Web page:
Blimp to Bring Broadband to Rural Areas Receives OK for Fremont Research Facility

Source: New Hampshire Union Leader –

By Jason Schreiber

It’s a bird. It’s a plane. It’s a … broadband blimp?

A company founded at the Massachusetts Institute of Technology has begun constructing a new research and development center in Fremont where it will test an industrial version of a blimp known as an aerostat that’s designed to provide wireless broadband coverage in rural and remote areas.

Altaeros Energies is building a research and development center in Fremont for a blimp known as an aerostat. Altaeros plans to build autonomous systems to launch and retrieve the triple-tethered aerostats, which would float to about 850 feet and be used as aerial broadband towers to provide clear signals to remote areas.

Altaeros Energies of Somerville, Mass., has been given town approval to create the permanent test site near a gravel operation at 662 Main St. that will feature a concrete launch pad and a large hangar to house the aerostat.

The aerostat will essentially be a tethered aerial cell tower that provides the same coverage as a network of cell towers. The company said it could eliminate the need for 20 to 30 conventional towers and reduce total network costs by 50 to 70 percent.

The aerostat uses helium gas to float and is connected to a stationary ground system.

Crews from Rubb Building Systems of Sanford, Maine, began constructing the 75- by 151-foot hangar a few weeks ago. The aerostat will be assembled inside the hangar before being removed and taken to the launch pad. It will have a maximum altitude of 850 feet, according to information Altaeros provided to the town.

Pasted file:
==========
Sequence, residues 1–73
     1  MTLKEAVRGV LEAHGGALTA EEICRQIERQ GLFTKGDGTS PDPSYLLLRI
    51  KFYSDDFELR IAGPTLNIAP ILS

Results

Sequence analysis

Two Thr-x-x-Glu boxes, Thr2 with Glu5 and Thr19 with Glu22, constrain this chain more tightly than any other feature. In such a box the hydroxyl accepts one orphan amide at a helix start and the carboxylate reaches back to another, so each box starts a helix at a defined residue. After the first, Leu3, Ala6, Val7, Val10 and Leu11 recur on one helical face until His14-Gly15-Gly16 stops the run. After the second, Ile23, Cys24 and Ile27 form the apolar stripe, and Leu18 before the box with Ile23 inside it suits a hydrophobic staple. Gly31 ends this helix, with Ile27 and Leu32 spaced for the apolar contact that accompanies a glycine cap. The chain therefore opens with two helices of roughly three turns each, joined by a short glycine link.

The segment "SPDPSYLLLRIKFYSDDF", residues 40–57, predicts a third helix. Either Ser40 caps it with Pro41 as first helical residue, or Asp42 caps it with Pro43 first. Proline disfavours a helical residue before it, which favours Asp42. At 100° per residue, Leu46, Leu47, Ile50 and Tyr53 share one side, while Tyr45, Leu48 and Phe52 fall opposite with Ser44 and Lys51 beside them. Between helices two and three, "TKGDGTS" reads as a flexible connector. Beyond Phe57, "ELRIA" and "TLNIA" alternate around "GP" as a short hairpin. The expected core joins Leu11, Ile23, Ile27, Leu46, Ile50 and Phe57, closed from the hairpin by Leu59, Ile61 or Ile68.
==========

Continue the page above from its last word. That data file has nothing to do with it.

Work is well underway on a large hangar in Fremont that will be used for a cell tower blimp known as an aerostat.
Source: Jason Schreiber

The hangar — a fabric tension structure that will be 70 feet tall at its peak — is expected to be completed within the next two weeks, said Scott Dyer, site operations manager for Rubb Building Systems.

The planning board approved the project with conditions last fall.

An experimental Altaeros aerostat aloft, showing the three tethers that will attach it to its handling system. One of the tethers would contain cables to allow power and data to flow between the ground and the onboard antennas.

Selectman Roger Barham, who also serves on the planning board, said Altaeros will be leasing part of the property from Fremont Land LLC.

Barham said the Fremont site is for testing only and that any production of future blimps would be done elsewhere. 

The project generated some concerns about how visible it would be and what would happen if something went wrong and it came down during testing, Barham said.

Barham said project officials explained that even if a problem occurred, the property is large enough for the blimp to come down and still remain within the boundaries of the parcel.

While the site is located in a secluded area off Main Street shielded by trees, Barham said that at some points the blimp would be visible above the tree line.

Founded in 2010, Altaeros now employs about 25 workers and has received funding from SoftBank Group Corp., Mitsubishi Heavy Industries, the Suhail Bahwan Group and Ratan N. Tata, and technology development grants from the U.S. Department of Agriculture and the National Science Foundation.


Source: New Hampshire Union Leader –

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